Variegated Tapioca plant winter care

wannabgreenSeptember 5, 2007

I just bought a varieagated Tapioca plant ( couldn't resist too beautiful!) And am keeping it as a container plant but they are only hardy to 40 degrees or so and need full to partial sun...Do you think it may go dormant? Also the garage is not going to be warm enough most likely..In the house OK?? Help! Thanks in advance!!


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I think your garage would be warm enough. Store it in the warmest part.

Don't know how they will do in the ground in Houston. It's probably a little hardier than you think. It can probably stay out till the first frost.

I've never grown it, but I'm sure there are other members who have and who can give you pointers.

The San Antonio Botanical Gardens, (microclimate zone 9b) grows a similar plant called Castor Bean. I don't know if castor bean is an annual or what, but at the botanical gardens, it receives no special winter care. The castor bean plants are out in the open.

(Castor Bean is extremely poisonous, so it isn't in local landscapes anymore. )

    Bookmark   September 5, 2007 at 7:59PM
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In the NORTH castor bean is an annual, here it's a huge tree.

The tapioca will go dormant, stick it in the garage or the backroom, don't water it. It will start to send out new growth in early spring/late winter, put it back out in the sun and start watering.

I'm leaving one in the ground this year to see how it does with winter on the island and the other on the back deck (it's in a big pot).
Tally HO!

    Bookmark   September 6, 2007 at 3:30PM
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sunny43(Z 6 Pa.)

Ours is left out in the ground in the winter without a problem. We do have it in a protected area with lots of mulch around it. I have a friend who has one in the ground in Clear Lake city for several years now and it is doing fine. It is root hardy and dies back in the winter, come spring it starts growing again.
Tally you should not have any problem at all with your's in the ground on the island. Your place seldom gets anywhere as cold as we do.
In Houston I would keep it in a pot until you get some rooted cuttings. Then I would try one in a Micro climate area (close to your house) and see what happens. Jerry at Jerry's Jungle has zone 10 and 11 plants in the ground and they are doing great.

    Bookmark   September 6, 2007 at 5:29PM
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I decided to browse pictures of variegated tapioca. (Gotta dream about what to plant next summer.)

Then, I saw a link to Plants Delight Nursery with a hardy tapioca. Plants Delight is in North Carolina, zone 7b.

Manihot is the species, first picture on the page.

Here is a link that might be useful: Hardy Tapioca-Non Variegated

    Bookmark   September 6, 2007 at 11:03PM
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sunny43(Z 6 Pa.)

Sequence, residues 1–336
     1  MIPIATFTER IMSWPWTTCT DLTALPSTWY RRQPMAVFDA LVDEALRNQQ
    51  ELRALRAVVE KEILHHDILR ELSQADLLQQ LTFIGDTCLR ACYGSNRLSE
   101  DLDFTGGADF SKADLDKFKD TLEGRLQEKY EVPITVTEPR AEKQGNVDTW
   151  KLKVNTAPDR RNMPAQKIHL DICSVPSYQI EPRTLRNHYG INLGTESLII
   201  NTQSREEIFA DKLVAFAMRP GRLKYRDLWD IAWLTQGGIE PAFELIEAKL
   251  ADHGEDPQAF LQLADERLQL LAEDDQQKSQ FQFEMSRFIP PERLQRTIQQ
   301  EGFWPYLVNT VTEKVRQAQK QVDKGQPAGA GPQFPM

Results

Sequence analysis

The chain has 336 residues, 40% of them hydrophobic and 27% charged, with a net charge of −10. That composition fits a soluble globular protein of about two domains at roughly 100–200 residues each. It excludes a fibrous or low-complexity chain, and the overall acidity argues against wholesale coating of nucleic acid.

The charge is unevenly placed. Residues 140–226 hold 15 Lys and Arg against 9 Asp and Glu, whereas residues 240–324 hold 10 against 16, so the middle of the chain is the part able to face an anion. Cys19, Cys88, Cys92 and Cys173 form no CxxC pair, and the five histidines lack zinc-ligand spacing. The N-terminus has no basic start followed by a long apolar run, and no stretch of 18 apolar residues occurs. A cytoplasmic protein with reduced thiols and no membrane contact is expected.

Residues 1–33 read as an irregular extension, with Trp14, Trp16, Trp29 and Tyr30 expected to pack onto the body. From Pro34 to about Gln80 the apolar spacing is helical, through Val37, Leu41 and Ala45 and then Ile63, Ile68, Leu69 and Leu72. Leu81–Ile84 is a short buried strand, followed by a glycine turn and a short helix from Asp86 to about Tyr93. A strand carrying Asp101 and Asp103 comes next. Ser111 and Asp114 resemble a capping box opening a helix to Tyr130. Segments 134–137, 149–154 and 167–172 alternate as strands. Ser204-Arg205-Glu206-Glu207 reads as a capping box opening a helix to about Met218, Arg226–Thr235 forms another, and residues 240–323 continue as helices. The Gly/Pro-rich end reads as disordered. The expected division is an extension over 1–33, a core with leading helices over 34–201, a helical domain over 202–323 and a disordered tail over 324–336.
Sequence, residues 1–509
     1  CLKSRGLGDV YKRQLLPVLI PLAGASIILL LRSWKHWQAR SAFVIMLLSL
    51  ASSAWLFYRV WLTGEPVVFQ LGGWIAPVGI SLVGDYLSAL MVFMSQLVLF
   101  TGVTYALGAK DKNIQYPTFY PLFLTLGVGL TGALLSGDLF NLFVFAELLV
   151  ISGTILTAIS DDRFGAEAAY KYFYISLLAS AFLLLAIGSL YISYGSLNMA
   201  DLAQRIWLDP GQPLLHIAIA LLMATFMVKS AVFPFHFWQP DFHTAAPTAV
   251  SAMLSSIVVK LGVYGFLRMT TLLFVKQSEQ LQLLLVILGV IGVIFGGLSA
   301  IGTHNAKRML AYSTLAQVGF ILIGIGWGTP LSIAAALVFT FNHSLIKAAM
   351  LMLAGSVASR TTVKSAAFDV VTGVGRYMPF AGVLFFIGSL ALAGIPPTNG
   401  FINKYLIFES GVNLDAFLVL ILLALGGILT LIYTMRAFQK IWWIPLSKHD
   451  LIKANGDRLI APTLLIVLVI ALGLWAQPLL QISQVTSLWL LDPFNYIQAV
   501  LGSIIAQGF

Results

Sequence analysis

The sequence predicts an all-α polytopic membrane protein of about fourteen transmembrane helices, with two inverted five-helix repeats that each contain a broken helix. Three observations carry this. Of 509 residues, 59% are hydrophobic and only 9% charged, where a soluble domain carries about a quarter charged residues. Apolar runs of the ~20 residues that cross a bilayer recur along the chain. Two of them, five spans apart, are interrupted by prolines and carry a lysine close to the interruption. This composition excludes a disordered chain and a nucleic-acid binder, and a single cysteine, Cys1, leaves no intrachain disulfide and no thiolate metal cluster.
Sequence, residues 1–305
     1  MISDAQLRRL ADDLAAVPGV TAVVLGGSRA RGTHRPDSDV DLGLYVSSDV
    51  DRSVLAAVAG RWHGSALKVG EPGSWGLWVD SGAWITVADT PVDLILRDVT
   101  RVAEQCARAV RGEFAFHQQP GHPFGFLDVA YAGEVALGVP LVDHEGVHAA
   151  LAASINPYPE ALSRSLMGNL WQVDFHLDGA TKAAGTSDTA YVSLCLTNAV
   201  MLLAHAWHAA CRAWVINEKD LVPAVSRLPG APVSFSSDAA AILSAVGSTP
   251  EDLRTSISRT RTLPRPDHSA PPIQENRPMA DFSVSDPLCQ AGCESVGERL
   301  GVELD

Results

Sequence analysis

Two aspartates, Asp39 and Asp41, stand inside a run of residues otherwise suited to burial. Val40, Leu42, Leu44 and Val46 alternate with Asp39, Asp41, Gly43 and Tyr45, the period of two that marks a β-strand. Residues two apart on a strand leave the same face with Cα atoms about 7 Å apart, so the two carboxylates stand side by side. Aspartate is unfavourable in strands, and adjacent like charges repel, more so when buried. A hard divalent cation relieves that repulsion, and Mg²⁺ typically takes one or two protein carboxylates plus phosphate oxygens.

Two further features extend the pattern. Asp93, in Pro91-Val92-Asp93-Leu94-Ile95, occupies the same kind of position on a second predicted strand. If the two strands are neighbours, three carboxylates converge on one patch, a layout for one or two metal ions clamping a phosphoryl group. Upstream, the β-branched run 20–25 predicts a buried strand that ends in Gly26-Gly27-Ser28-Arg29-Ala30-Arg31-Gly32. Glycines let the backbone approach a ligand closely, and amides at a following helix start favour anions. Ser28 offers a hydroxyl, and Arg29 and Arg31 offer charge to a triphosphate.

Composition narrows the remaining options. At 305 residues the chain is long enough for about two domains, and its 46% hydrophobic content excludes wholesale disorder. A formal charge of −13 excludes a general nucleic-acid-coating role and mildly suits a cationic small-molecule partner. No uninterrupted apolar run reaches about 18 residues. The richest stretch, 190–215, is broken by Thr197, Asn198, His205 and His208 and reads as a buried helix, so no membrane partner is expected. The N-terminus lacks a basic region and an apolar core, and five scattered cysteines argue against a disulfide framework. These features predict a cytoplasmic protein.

The variegated one is not as hardy.

Here is a link that might be useful: Variegated Tapioca plant

    Bookmark   September 7, 2007 at 12:13AM
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MrsBox77(z9C N Hou)

The people behind us have a couple of these, and now they are growing on our side of the fence. We allowed two of them to grow inground to shade/hide the trampoline. We prune them the same time we prune our crepe myrtles (around Valentines Day) and pretty much the same way. They die out first freeze and come back in the Spring. The best thing about these trees is they are easy to manage, and if you do not want it anymore, it is very easy to chop down. They make lots of babies, so there is always another one you can let grow again and plant where you want. Be sure to look at them after a rain. They look like they are covered with diamonds. Also, they grow VERY fast. Mine are about 10 feet tall. Overpruning will kill them.

    Bookmark   September 7, 2007 at 10:00AM
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Thanks for all the great advice/ replies! Yeah it does seem to have a weak stalk and am thinking I need to have supports on it just in case. I will try and propagate it..I'll have to read up on that since I have no clue!! I would love to try out one planted in a protected area as well. Thank you again!


    Bookmark   September 9, 2007 at 2:33AM
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I think I've seen variegated tapioca plants at either Home Depot or Walmart. I think they were labeled as Yuca. So, does this variety produce edible roots? I didn't know the roots were poisonous. Sure glad they cook them before they're put on the shelves at the supermarkets. I'm planning on getting a few and planting them as ornamental plant plus I may harvest their roots for cooking. So, if you have any info, would appreciate it.

    Bookmark   September 10, 2007 at 10:11PM
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Texas A&M has written an article about variegated tapioca.

Here is a link that might be useful: Variegated Tapioca

    Bookmark   September 10, 2007 at 11:24PM
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